Cortical thickness of Broca's area and right homologue is related to grammar learning aptitude and pitch discrimination proficiency

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Abstract

Aptitude for and proficiency in acquiring new languages varies in the human population but their neural bases are largely unknown. We investigated the influence of cortical thickness on language learning predictors measured by the LLAMA tests and a pitch-change discrimination test. The LLAMA tests are first language-independent assessments of language learning aptitude for vocabulary, phonetic working memory, sound-symbol correspondence (not used in this study), and grammatical inferencing. Pitch perception proficiency is known to predict aptitude for learning new phonology. Results show a correlation between scores in a grammatical meaning-inferencing aptitude test and cortical thickness of Broca's area (r(30) = 0.65, p = 0.0202) and other frontal areas (r(30) = 0.66, p = 0.0137). Further, a correlation was found between proficiency in discriminating pitch-change direction and cortical thickness of the right Broca homologue (r(30) = 0.57, p = 0.0006). However, no correlations were found for aptitude for vocabulary learning or phonetic working memory. Results contribute to locating cortical regions important for language-learning aptitude.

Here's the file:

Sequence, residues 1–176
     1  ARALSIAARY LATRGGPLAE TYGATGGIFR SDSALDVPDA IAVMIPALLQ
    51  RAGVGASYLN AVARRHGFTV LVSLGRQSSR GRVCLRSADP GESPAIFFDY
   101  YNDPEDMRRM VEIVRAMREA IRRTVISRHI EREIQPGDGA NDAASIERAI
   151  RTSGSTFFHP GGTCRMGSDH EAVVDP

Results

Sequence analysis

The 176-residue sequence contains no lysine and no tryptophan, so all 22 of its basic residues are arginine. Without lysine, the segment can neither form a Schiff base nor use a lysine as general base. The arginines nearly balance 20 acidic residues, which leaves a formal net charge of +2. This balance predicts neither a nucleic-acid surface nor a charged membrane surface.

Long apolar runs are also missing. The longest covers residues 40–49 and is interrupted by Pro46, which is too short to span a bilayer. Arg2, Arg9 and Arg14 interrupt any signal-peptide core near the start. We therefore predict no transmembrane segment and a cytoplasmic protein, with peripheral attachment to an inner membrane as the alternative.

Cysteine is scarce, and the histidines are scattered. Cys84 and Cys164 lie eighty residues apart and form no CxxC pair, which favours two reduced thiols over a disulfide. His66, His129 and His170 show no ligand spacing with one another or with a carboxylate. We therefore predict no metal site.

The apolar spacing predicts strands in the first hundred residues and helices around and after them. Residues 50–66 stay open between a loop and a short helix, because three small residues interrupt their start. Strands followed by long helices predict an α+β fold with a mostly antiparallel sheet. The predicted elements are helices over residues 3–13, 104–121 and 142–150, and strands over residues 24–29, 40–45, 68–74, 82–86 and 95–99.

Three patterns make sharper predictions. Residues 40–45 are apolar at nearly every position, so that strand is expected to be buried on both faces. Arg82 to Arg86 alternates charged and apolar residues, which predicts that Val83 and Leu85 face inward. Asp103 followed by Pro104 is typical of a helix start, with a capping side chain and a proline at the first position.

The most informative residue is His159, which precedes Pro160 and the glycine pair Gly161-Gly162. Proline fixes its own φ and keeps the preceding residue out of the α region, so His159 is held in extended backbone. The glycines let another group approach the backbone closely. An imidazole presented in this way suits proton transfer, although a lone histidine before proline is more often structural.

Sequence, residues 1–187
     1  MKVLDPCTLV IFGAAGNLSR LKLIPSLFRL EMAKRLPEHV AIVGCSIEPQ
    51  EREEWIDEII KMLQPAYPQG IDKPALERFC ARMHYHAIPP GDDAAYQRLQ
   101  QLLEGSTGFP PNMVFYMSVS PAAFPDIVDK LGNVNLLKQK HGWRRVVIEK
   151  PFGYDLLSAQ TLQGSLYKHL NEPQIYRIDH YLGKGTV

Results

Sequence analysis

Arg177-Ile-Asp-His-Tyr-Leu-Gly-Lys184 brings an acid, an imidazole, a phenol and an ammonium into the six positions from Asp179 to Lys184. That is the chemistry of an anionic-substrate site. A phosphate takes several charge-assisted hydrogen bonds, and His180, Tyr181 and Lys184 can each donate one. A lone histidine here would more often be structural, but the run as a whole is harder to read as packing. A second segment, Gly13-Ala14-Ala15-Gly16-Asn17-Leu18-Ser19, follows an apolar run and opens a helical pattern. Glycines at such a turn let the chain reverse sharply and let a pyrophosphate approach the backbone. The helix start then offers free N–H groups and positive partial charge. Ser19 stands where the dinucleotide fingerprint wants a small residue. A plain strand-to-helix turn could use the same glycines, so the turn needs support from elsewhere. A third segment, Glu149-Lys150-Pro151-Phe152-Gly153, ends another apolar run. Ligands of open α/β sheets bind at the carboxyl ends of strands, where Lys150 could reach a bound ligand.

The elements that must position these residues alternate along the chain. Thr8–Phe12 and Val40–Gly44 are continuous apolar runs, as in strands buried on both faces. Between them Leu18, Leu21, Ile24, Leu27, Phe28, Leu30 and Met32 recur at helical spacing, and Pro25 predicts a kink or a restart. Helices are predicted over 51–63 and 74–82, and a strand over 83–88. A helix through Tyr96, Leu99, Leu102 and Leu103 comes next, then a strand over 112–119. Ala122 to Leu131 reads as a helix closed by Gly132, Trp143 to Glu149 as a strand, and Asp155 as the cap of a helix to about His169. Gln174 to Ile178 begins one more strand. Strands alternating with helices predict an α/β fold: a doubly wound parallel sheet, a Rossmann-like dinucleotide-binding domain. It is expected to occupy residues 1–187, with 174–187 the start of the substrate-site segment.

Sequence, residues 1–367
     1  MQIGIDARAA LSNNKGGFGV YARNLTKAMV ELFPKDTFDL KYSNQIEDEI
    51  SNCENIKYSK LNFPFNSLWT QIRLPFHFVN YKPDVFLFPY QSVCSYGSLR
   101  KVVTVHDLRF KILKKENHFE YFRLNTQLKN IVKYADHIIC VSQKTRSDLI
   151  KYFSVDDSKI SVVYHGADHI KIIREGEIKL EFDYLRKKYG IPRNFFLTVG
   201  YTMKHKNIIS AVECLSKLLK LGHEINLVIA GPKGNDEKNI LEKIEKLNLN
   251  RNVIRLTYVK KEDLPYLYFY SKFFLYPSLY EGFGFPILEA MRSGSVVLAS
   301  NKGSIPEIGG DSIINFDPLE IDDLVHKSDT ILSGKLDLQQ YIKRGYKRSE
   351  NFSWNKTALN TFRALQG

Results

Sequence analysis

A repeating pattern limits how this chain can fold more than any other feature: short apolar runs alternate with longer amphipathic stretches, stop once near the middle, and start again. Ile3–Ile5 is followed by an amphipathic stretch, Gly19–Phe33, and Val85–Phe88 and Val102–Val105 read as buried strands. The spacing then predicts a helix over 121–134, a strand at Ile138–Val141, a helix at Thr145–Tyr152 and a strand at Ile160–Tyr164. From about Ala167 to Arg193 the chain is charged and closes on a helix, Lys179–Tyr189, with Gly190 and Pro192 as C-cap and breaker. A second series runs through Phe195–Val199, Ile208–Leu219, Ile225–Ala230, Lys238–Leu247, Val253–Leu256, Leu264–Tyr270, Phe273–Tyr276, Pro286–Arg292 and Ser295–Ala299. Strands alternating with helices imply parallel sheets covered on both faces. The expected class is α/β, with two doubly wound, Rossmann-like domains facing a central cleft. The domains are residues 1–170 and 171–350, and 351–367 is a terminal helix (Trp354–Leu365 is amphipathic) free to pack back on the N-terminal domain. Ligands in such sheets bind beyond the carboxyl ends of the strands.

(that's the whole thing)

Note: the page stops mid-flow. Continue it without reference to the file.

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Research areas and keywords

Subject classification (UKÄ) – MANDATORY

  • General Language Studies and Linguistics
  • Neurology

Keywords

  • Broca's area, Cortical thickness, Inferior frontal gyrus, Language learning aptitude
Original languageEnglish
Pages (from-to)42-47
Number of pages6
JournalBrain and Language
Volume188
Publication statusPublished - 2019
Publication categoryResearch
Peer-reviewedYes

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